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Thu, Apr. 16th, 2009, 12:13 pm
Amazon S3 vs libsyn for Podcast Hosting

 As part of my Day Job at IBM, I've been reading up a lot on Amazon's Simple Storage Service, aka Amazon S3 and at the same time, I've been planning and scheming on the relauch of my music podcast for Taproot Radio. One of the services I've been looking at the most is  It occurred to me that it might make sense to use Amazon S3 for hosting the MP3 files for the podcast instead of libsyn, so I decided to do some back of the envelope calculations to compare the two. 

Planning Assumptions
For the purposes of my podcast, I made the following assumptions: 
-- I'd put out a podcast episode each week. This is extremely optimistic, but a good goal 
-- Each episode will be a 30 minute music/talk episode recorded at 128Kbps and 44.1Khz for an average episode size of 28.8Mb per episode. (This is using libsyn's estimation guide). 
-- I'd keep 2 years worth of episodes online at all times
-- I'd plan on 1000 downloads per episode. For an amateur hoobyist podcast, I think this is super optimistic, but a good goal. 

Libsyn Costs for MP3 Hosting
Estimating Libsyn's costs are easy. You use this chart to figure out how much storage you need per month, then look up the price plan that matches your storage needs. 

For my planning assumptions, I would fit into the $10/month "Podcast Standard" Plan. 

Amazon S3 Costs

Amazon's S3 Costs are much more complicated becuase they charge you a) for each "put" request to get a file into their system, b) storage used per month, c) each "get" request to download a file, and d) "transfer our", i.e. Mb downloaded per month. 

Their price sheet is online here

Using the assumptions above, I create a spreadsheet in Google Docs to calculate the Amazon S3 costs: 

So using my podcast planning assumptions, I'd estimate the Amazon S3 costs to be about $22.12 per month, which is more or less twice the cost of libsyn.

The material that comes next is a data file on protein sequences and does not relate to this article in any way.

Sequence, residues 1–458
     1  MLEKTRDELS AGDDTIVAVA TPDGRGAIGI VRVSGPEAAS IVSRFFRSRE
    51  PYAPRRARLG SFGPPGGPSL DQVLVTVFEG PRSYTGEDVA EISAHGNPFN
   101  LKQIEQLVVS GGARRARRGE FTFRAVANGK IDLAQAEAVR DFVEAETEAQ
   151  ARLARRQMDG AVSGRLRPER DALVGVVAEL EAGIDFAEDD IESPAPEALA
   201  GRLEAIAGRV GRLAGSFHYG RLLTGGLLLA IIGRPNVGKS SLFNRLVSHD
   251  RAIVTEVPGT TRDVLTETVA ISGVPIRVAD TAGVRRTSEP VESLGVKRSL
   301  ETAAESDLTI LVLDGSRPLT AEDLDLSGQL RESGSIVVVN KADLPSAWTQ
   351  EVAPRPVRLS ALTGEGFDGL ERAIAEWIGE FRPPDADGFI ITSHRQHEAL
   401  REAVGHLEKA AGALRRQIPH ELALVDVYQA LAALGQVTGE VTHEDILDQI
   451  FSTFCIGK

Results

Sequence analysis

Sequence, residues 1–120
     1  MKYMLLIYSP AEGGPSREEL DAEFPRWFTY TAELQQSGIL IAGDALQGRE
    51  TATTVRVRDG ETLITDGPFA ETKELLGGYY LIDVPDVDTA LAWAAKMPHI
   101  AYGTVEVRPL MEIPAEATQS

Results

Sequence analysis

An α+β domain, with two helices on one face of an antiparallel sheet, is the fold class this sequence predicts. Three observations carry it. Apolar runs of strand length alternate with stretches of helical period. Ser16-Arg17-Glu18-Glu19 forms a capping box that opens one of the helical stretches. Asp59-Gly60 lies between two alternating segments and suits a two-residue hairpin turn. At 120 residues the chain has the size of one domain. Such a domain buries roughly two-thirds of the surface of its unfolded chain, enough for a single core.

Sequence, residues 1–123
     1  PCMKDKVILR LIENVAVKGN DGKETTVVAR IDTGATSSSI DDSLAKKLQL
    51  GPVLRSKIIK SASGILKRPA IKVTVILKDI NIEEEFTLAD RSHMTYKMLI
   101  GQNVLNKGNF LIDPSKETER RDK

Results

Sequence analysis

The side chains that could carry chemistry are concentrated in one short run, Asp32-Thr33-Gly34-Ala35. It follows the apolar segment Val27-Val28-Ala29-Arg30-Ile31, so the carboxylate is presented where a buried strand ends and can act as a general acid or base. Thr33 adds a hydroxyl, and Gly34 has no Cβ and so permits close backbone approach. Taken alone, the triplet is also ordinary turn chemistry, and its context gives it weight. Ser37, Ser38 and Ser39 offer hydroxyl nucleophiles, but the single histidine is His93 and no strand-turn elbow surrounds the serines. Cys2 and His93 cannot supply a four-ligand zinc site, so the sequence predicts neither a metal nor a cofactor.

Because on eof the main value propositins from libsyn is: 

"We don't want you to be penalized if your program gets popular. That is why we do not charge for bandwidth usage or for hosting of a static amount of web storage. Instead, our price model is based on how much space you need."  I decided to look at what point you start getting penalized by hosting with Amazon S3 due to their "traqnsfer out" fees. 

Fiddling around with the spreadsheet I came up with this: 

So if I plan on 430 downloads per episode, instead of 100 downloadas, the price per month becomes more or less equal to the price of the Libsyn Podcast standard account. Or to put it another way, I start getting "penalized" for having a popular podcast when the downloads exceed 430 downloads per episode. 

I would _love_ to know what the distribution is of number of downloads per podcast episode for all the podcasts libsyn hosts. I'm completely guessing but I bet there's a long-tail effect where only a very few podcasts have large nubers of downloads per episode and where the vast majority, like 95%+ have only a very small number of downloads per episode. I'd be willing to bet that this distribution is exactly what libsyn counts on for making a profit. Not that there's anything wrong with that. 

Because at the end of the day, what you have to realize is that this analysis only compares MP3 hosting services. Libsyn's real value proposition is in all the other stuff they provide to make podcast production easy and fun. The MP3 players, the RSS feed generation, the directory, the podcast blogs etc. So they count on most of the podcasters paying a little more at libsyn than they'd need to pay for MP3 file hosting at some other service like Amazon S3 in exchange for all the groovy podcast production tools they offer and the promise that if the podcaster really does get popular, libsyn will eat the bandwidth costs. 

That sounds like a good value proposition for the amateur podcaster like me. 

Tue, Apr. 21st, 2009 01:37 am (UTC)
(Anonymous): Libsyn Does not make a Profit

If you look at the SEC filing of Wizzard which owns Libsyn, they don't make a profit. They are loosing money hand over foot and guess what we will see how long they can continue to bleed red like this.

Tue, Apr. 21st, 2009 01:44 am (UTC)
cspowers: Re: Libsyn Does not make a Profit

very interesting! Thanks for sharing this info